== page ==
PG&E asks California for $201 million profit hike, benefiting directors – but wildfire victims stay unpaid

SAN FRANCISCO – While Californians focus on freeing their economy from the grip of a gruesome pandemic and pushing through another season of devastating wildfires and power blackouts, the leadership of Pacific Gas & Electric, or PG&E, the state’s largest electric utility, has quietly set itself a different priority: a great big pay raise.

Not content with lavishing more than $1 million in retainers to on its board of directors, PG&E is now making a cash grab through California regulators that would put ratepayers on the hook for boosting the company’s profit by $201 million, despite years of the utility’s haphazard and dangerous management.

And the windfall the company is seeking would likely do nothing to change the status quo,  in which many victims of the 2018 California Camp fire that PG&E caused have yet to see a cent of the $13.5 billion the company owes them.

The investor-owned utility late last month petitioned California’s Public Utilities Commission, or PUC, asking for an increase to 11 percent return on equity. If the PUC grants the request, it would guarantee exactly $201.3 million in additional profit for PG&E and its shareholders, with no clear major advantages for its captive customers.

But the profit hike would likely be a boon for the company’s board of directors, who already receive generous retainers and significant stock holdings, courtesy of PG&E.

“PG&E never ceases to amaze with how far it will go to ask for rewards on the backs of ratepayers, when it deserves to be penalized for its appalling behavior,” said EWG President and Bay Area resident Ken Cook.

“The company should be helping mitigate the wildfires it causes, and figuring out how to switch to a clean energy agenda that will benefit everyone. Instead, their only consistent focus appears to be on helping themselves to more of California customers’ money,” Cook added.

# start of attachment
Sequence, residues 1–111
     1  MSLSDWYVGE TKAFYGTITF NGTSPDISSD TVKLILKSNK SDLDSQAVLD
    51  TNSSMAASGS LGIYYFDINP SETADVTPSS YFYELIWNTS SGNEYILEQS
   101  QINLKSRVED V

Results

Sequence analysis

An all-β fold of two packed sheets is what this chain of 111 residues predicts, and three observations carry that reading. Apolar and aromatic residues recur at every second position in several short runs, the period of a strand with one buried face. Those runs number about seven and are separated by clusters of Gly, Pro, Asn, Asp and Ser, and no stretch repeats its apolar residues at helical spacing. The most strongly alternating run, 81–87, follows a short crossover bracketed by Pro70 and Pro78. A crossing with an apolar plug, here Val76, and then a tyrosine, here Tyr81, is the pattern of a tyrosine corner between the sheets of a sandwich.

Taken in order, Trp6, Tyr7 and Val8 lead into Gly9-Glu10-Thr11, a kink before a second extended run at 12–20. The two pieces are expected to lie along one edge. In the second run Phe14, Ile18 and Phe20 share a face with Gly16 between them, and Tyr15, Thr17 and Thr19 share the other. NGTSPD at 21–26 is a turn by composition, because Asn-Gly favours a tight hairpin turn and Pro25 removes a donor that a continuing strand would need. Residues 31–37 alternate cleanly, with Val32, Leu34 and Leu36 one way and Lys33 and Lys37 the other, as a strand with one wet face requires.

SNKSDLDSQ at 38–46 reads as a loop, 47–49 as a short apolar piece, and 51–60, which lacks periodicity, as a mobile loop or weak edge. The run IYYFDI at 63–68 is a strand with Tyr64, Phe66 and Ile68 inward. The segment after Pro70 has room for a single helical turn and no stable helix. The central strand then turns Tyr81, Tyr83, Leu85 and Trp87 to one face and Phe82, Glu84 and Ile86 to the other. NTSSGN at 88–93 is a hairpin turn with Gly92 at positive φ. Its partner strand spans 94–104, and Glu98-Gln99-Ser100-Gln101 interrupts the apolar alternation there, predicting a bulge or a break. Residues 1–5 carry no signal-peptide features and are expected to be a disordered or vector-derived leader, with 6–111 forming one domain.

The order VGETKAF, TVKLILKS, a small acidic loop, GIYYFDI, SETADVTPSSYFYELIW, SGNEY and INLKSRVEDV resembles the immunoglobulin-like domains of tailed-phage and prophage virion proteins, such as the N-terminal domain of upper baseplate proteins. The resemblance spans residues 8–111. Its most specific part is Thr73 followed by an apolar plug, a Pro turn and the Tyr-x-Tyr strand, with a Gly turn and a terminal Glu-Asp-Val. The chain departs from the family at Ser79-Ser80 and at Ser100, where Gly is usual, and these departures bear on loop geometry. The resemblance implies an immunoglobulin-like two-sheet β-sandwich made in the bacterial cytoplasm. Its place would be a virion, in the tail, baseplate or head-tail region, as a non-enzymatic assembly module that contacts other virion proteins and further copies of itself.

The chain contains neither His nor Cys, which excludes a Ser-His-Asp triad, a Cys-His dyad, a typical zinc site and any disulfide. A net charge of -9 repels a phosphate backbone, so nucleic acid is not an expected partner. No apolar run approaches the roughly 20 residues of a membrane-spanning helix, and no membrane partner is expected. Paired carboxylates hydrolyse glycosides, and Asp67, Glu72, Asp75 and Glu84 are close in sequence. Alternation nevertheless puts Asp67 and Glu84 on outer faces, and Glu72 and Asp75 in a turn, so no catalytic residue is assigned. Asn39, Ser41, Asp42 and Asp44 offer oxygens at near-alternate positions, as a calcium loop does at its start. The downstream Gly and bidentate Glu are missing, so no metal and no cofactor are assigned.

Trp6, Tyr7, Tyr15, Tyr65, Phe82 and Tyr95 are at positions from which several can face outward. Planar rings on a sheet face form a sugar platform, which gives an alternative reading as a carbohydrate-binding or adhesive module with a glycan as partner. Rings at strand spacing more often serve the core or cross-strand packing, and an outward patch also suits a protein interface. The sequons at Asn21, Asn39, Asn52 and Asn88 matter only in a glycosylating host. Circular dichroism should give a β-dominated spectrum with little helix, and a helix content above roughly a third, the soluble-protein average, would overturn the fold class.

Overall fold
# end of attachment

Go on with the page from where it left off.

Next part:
PG&E executives partly blame the Covid-19 pandemic for the company’s poor stock performance, compared to other companies, whose share prices surged over the past year, as one reason it needs more than $200 million in extra profit.

Their petition states:

... while major stock indices have surged upward over the last 16 months, including a 37 percent rise in the S&P 500 index – an overall rise in the average public company’s valuation that is consistent with falling interest rates and with the expected relationship between the costs of debt and equity – the index of utility stocks has increased only 1 percent over this period, and PG&E’s stock price has declined.

The poor performance of PG&E’s stock started long before the pandemic.

Over the past five years, its stock has plummeted, from a high of $70 per share in September 2017 to $9 today. In late July, the stock market analyst firm Seeking Alpha deemed PG&E “a terrible investment” – and the utility keeps making terrible choices.

PG&E agreed to stop paying dividends to shareholders until the company achieves $6.2 billion in earnings, as part of a deal with Gov. Gavin Newsom that bailed out the utility from its 2019 bankruptcy, which resulted from its mounting liability for a series of wildfires.

The proposal before the PUC to secure an additional $201.3 million in guaranteed earnings for PG&E and its shareholders would help the company meet its earning requirements under the deal and let dividends once again flow to its investors.